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Racial blackness and the discontinuity of Western modernity / Lindon Barrett ; edited by Justin A. Joyce, Dwight A. McBride, and John Carlos Rowe.

By: Barrett, Lindon, 1961-2008.
Contributor(s): Joyce, Justin A | McBride, Dwight A | Rowe, John Carlos.
Material type: TextTextSeries: JSTOR eBooks.New Black studies series: Publisher: Urbana : University of Illinois Press, [2014]Description: 1 online resource (xviii, 236 pages).Content type: text Media type: computer Carrier type: online resourceISBN: 9780252095290; 0252095294.Subject(s): Racism -- Political aspects -- History | Racism -- Economic aspects -- History | Civilization, Western | Civilization, Modern | Imperialism -- Social aspects -- History | Capitalism -- Social aspects -- History | Slavery -- History | Violence -- Political aspects -- History | African Americans -- Race identity | Indigenous peoples -- Race identityGenre/Form: Electronic books.Additional physical formats: Print version:: Racial blackness and the discontinuity of Western modernityDDC classification: 305.896 Other classification: SOC001000 | LIT004040 | SOC031000 Online resources: Click here to view this ebook.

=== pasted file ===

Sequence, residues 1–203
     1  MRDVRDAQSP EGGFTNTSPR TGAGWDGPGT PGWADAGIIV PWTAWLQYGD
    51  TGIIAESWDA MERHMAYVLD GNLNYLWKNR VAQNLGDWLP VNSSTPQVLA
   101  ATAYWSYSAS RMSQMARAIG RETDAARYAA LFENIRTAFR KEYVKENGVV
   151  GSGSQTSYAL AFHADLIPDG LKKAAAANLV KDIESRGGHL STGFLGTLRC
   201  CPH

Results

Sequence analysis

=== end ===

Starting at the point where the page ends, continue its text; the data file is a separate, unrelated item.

Contents:
1. The Conceptual Impossibility of Racial Blackness : History, the Commodity, and Diasporic Modernity -- 2. Making the Flesh Word : Binomial Being and Representational Presence -- 3. Captivity, Desire, Trade : The Forging of National Form -- 4. The Intimate Civic : The Disturbance of the Quotidian -- 5. Modernism and the Affects of Racial Blackness -- Epilogue / by Justin A. Joyce and Dwight A. McBride.